Canada and US stakeholders have mutual interest in supporting, strengthening and sustaining cross-border innovation ecosystems. This “binational advantage” provides countries with benefits from the economic growth, productivity and efficiency that arise when Canadian and American systems of the production, provision and distribution of goods and services are integrated between regions of geographic proximity.
How can stakeholders in Canada and the US provide the enabling environment to support, strengthen and sustain cross-border economic innovation ecosystems? Given the complexity of actors involved (e.g., public sector actors at the federal, state-provincial and local scales; private sector companies and entrepreneurs; economic development officials, incubators, accelerators and business support organizations; research institutions; non-profits) in what is generally viewed as an organic process, what would it take?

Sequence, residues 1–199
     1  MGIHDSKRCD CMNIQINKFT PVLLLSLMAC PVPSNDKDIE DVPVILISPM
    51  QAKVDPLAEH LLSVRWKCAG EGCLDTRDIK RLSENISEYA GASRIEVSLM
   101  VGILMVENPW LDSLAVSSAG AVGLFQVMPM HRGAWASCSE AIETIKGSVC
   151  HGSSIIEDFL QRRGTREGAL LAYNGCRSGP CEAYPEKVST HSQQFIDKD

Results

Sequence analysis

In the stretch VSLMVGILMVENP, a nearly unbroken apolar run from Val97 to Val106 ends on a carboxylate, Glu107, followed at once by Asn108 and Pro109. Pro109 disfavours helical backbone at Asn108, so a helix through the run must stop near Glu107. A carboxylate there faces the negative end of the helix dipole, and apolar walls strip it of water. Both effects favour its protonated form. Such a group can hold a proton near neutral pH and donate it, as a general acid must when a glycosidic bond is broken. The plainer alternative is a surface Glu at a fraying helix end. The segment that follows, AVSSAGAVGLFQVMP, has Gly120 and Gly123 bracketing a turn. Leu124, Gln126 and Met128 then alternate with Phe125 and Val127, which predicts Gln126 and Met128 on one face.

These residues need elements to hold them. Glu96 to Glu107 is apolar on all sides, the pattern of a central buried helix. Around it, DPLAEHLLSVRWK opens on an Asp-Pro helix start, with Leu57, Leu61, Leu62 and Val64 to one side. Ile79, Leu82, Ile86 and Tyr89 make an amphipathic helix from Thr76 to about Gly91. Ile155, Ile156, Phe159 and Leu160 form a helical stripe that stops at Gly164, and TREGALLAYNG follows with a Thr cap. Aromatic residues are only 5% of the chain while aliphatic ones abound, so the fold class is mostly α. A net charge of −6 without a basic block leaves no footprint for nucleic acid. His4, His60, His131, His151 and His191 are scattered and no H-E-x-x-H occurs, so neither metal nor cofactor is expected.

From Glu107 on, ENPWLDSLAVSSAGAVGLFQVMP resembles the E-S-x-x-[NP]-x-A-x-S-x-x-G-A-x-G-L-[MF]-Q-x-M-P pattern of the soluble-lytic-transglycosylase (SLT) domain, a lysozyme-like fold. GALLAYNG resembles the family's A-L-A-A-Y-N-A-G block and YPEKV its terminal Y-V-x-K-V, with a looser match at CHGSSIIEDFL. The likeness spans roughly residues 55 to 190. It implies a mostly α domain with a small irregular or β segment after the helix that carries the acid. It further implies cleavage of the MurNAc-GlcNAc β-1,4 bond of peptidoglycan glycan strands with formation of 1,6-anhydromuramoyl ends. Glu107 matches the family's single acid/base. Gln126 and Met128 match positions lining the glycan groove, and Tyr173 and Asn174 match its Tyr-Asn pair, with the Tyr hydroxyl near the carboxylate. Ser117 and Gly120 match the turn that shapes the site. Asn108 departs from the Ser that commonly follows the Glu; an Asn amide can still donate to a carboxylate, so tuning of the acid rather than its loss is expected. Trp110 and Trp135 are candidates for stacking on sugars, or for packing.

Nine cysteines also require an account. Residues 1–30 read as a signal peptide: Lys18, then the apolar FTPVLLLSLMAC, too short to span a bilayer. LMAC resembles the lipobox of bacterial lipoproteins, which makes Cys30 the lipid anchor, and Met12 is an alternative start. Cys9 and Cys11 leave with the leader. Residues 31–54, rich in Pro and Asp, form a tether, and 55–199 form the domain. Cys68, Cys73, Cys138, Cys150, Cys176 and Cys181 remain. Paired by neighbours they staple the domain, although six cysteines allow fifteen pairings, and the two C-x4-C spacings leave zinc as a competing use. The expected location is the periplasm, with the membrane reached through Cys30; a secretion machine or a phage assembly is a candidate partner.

Authors: Kathryn Friedman, Charles Conteh and Carol Phillips
Published By: Niagara Community Observatory
Publication Date: September 2019View Cross-Border Innovation Corridors Policy Brief